There's a couple things rolling around the blogs and forums that I could write about, even want to write about, but I don't have the energy to tackle the whole subject. Stuff like character abilities and the sharp division of opinions on megadungeons. I think instead I'll just focus on one tiny subtopic of the megadungeon debate: the empty room.
Apparently, some people have problems with empty rooms. I think the problems come from two sources: GMs and players. On the GM side, I think some people are interpreting the admonition to only place monsters in one-third of the available rooms and treasures in one-sixth of the rooms without monsters a little too strictly. "No monster, no treasure" does not mean "empty", and in fact Underworld & Wilderness Adventures notably does not use the phrase "empty room", only the phrase "unoccupied room". There should be stuff in most rooms, preferably common, mundane stuff, with an obvious use, but not immediately useful, so that players can say "oh, this is the room where the goblins stored their pots and pans" and move on... until a later problem causes a player to say "hey, we should go back to that one room and grab some pots to solve this problem!"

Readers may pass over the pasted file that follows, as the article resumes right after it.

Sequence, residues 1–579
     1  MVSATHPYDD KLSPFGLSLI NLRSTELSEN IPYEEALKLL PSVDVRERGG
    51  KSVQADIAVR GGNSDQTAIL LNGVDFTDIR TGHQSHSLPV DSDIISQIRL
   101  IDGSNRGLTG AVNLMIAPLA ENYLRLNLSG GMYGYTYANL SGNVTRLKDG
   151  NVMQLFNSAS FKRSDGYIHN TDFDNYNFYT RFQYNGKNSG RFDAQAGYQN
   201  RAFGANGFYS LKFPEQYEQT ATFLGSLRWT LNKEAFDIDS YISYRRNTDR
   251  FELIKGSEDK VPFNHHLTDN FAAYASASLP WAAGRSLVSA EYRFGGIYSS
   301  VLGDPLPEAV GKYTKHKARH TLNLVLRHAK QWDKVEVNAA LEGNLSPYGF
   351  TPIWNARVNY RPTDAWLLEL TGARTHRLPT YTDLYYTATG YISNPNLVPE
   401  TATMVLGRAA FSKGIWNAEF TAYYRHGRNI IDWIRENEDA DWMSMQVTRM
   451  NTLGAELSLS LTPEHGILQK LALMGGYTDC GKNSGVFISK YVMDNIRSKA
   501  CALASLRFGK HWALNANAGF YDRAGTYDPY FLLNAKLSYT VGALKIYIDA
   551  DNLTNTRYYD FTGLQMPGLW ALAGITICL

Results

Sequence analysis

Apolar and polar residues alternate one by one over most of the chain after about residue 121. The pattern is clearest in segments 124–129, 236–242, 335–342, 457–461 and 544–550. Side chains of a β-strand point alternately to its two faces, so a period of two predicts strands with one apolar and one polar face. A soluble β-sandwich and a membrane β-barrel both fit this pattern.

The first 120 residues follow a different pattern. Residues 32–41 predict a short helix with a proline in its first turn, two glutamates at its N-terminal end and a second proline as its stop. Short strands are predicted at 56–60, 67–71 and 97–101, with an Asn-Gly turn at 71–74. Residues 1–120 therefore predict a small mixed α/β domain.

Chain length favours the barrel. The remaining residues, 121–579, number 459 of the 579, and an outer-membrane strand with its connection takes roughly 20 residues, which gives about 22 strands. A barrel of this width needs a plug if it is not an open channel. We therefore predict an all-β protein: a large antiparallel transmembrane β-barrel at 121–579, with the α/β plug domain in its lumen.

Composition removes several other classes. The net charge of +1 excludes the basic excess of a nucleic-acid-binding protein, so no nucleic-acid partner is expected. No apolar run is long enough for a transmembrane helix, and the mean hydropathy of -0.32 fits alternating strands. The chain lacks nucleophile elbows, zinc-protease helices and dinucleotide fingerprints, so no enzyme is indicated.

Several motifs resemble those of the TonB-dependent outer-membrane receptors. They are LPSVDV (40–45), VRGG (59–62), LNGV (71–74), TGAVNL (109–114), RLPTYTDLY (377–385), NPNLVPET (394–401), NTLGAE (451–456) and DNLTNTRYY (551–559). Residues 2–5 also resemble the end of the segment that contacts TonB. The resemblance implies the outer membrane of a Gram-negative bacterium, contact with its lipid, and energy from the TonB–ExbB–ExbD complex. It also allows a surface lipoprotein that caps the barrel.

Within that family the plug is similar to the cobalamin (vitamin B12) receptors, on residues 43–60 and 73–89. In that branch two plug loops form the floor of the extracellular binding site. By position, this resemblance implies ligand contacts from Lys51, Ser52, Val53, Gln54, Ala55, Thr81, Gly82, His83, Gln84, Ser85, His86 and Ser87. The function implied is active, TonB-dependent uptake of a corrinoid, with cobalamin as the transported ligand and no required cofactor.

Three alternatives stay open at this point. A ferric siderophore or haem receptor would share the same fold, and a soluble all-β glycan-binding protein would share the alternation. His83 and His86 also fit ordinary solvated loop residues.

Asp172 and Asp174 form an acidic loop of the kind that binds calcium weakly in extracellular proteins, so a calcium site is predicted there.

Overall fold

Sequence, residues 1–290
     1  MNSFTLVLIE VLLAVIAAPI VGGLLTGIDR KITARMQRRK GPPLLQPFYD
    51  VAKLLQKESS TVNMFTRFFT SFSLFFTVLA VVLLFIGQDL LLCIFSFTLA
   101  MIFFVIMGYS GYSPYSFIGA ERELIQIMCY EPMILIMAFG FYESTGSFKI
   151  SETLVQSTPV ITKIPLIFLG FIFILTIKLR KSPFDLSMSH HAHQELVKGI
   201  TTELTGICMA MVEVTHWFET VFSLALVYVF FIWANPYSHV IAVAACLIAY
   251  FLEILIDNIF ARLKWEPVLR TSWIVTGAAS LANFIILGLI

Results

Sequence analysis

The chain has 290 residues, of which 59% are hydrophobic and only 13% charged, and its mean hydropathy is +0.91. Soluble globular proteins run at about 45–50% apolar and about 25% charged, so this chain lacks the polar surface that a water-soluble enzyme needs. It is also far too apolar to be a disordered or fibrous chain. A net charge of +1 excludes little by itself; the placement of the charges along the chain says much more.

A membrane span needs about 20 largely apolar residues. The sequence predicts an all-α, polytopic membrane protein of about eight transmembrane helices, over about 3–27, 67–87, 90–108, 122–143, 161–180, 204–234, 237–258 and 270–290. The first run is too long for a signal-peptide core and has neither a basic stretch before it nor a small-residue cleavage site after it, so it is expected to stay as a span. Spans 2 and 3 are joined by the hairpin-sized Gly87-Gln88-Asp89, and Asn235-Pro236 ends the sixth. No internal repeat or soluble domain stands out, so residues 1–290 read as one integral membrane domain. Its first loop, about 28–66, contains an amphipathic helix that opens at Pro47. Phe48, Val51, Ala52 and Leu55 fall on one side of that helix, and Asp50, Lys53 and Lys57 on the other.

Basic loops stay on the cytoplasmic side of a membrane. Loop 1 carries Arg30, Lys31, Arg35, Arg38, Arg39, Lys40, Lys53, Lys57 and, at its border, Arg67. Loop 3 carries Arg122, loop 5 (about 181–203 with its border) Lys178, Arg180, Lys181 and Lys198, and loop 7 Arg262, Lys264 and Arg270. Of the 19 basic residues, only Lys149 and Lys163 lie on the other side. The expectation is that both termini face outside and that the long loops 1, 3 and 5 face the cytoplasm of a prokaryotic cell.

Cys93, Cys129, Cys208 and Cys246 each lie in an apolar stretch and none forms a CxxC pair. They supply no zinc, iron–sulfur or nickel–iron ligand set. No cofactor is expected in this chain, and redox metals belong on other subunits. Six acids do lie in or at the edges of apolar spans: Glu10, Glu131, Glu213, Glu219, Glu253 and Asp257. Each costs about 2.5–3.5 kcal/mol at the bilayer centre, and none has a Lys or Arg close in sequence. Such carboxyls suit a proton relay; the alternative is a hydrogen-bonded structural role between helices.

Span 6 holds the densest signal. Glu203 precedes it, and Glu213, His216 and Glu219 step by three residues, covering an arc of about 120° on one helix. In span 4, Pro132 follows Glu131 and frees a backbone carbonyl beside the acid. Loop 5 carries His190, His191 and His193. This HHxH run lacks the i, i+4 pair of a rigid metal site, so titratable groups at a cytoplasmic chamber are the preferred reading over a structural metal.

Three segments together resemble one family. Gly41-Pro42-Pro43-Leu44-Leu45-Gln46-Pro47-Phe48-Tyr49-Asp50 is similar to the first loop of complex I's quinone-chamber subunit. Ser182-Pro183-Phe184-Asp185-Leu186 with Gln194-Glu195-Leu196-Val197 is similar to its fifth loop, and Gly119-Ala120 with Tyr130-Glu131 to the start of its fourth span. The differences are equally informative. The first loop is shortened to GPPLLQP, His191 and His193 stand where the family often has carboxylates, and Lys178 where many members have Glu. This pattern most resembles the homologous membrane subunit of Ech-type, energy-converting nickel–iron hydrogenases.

But on the player side, I think too many players try an "exhaustive search" method of exploration. Move to Room 1, search thoroughly, fiddle with everything, and once you've done everything you can possibly do in that room, move on to Room 2 and repeat. That kind of approach is not only exhaustive, but exhausting. And if more than half the rooms are empty, the players are just going to feel cheated.
A better approach is to move to Room 1, make a quick assessment of the room (Occupied? Obvious container? Safe, or suspicious?) and move on quickly, basically doing a quick scan of part of the area before going back and doing a thorough search of anything. In essence, you want to secure an area before deciding which "empty" rooms ought to be thoroughly searched. Actual player mapping will help, here, because the players can skip searching for secret doors unless there's an area that looks promising: a gap in the map, a dead-end passage, four nearly-identical rooms, one of which is missing an exit... that kind of thing. The player map will also help define escape routes and defensible safe havens.